Bush Reforms Would Mean Fewer Banks
Francis, David R., The Christian Science Monitor
A small thrift institution does business just down the street. A block away, a branch of the failed Bank of New England, now owned by the government, remains open. Several paces further, the Bank of Boston - New England's biggest bank - receives customers. A few other banks have branches within a five-minute walk.
That's an indication, in one city district, that the United States is, as many economists put it, "over-banked." Competition among banks and with other financial institutions is fierce. In the US, there are more than 13,000 commercial banks, several thousand thrift institutions, and tens of thousands of branches.
The Bush administration's banking reform proposals of this week, if approved by Congress, would rapidly reduce the number of banks and thrifts in the country.
"Reform is overdue," says Harry Guenther, a professor of banking and finance at Northern Michigan University.
The Bush proposals would stimulate banking consolidation by allowing banks to branch nationwide. The reform would also abolish the 1933 Glass-Steagall Act that prevents banks from entering the securities business. Well-capitalized banks would be permitted to affiliate with securities firms, insurance companies, and mutual funds under a new financial-services holding-company structure. These holding companies could be owned by nonfinancial corporations. But how far does the US want to go with banking consolidation?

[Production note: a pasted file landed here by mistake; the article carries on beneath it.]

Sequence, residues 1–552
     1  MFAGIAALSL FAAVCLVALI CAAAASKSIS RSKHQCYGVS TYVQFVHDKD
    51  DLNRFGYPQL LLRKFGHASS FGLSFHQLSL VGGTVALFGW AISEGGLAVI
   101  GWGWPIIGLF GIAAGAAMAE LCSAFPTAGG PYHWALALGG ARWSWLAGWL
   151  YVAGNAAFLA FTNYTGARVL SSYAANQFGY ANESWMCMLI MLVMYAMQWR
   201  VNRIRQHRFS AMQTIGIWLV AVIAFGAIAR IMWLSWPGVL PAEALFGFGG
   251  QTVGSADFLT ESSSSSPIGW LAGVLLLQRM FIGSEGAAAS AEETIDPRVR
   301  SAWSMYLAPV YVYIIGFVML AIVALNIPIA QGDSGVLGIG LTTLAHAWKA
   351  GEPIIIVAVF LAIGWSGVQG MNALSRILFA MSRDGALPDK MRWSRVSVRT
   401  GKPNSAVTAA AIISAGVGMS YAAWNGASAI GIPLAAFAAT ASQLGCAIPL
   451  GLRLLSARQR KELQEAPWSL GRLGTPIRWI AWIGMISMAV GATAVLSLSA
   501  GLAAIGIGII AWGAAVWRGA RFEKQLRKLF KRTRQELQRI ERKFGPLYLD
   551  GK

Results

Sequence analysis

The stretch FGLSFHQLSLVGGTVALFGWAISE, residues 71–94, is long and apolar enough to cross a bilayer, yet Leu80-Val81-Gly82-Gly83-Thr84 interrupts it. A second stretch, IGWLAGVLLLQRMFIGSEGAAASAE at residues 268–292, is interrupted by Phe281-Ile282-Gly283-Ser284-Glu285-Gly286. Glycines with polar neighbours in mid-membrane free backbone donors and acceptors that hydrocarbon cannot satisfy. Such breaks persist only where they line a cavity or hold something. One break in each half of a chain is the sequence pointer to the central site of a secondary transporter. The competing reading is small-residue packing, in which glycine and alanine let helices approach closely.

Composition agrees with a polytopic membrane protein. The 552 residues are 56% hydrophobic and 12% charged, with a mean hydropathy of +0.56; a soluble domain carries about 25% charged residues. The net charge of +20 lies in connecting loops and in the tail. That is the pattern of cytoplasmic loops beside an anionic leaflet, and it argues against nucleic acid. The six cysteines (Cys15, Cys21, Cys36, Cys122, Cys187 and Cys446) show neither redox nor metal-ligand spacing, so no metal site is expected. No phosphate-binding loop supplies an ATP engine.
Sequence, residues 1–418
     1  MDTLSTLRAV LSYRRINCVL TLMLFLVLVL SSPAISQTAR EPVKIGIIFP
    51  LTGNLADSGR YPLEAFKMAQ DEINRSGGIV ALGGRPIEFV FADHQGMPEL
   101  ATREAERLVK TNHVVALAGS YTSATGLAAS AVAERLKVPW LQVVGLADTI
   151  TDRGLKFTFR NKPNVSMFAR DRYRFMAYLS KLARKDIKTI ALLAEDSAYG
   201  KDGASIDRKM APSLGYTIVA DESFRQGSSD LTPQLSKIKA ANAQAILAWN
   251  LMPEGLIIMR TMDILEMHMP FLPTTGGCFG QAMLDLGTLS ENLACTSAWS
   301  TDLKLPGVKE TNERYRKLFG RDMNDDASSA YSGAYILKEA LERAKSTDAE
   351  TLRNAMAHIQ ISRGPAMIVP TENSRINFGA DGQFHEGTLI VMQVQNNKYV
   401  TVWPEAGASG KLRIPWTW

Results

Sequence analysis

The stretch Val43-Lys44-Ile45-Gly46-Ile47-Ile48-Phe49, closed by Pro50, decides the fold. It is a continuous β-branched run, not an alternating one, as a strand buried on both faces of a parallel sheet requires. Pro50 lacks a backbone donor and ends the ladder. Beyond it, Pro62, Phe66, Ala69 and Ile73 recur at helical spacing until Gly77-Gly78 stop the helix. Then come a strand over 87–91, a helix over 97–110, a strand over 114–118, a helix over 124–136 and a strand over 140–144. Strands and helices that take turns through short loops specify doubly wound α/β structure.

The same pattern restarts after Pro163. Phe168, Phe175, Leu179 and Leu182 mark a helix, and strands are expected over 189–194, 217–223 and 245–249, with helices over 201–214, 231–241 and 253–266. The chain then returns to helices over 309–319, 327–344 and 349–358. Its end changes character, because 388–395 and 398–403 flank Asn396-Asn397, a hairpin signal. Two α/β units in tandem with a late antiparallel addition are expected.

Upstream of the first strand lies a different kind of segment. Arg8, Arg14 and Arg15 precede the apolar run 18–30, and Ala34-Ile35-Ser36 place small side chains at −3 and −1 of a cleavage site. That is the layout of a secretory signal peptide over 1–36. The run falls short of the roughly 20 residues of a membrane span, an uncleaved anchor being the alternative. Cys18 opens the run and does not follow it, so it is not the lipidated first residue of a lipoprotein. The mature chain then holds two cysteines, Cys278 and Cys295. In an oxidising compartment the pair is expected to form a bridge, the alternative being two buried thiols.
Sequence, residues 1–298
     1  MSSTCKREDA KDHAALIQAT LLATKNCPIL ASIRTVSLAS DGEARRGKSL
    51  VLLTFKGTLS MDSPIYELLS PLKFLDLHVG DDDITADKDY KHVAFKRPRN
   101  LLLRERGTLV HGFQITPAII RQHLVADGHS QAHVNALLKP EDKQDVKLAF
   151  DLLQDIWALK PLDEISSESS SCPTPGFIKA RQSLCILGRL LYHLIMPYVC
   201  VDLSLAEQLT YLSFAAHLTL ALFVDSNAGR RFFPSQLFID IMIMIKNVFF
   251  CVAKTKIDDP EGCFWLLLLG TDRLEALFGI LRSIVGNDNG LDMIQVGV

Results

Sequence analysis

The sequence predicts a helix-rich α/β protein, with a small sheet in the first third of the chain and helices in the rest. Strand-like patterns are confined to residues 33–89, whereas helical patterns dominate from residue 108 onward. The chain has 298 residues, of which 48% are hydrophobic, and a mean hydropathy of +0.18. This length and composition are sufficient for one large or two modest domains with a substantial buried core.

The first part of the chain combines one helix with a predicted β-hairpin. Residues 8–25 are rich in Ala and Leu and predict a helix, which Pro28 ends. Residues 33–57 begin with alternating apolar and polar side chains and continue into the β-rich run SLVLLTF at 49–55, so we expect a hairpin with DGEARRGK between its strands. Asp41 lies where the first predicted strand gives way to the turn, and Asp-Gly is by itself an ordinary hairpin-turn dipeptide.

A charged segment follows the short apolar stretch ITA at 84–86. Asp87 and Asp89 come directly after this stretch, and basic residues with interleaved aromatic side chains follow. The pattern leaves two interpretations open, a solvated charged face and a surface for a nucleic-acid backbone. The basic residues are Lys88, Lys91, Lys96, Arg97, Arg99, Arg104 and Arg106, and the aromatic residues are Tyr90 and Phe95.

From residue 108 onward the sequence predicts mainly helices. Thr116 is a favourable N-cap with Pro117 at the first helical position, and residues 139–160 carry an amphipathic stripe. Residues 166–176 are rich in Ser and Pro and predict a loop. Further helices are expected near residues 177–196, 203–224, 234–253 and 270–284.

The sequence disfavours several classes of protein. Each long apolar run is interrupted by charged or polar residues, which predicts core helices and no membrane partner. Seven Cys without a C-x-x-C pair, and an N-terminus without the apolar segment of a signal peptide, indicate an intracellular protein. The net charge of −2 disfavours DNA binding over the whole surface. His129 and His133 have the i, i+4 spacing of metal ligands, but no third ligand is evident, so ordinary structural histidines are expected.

By comparison, Canada has eight domestic banks nationwide and a single bank regulator. In Germany, three big banks dominate the financial scene - and in a way, the economy, since they own large chunks of stock of many large companies.
Professor Guenther, who in the late 1970s ran the Conference of State Bank Supervisors and in the early 1980s was president of a well-known bank consulting firm in Washington, Carter Golembe Associates Inc., would not want and does not expect to see the number of banks reduced to the Canadian-German levels.
Andrew Brimmer, a former Federal Reserve Board governor, agrees. Should Congress repeal the McFadden Act, which limits interstate banking, he foresees banks getting bigger. …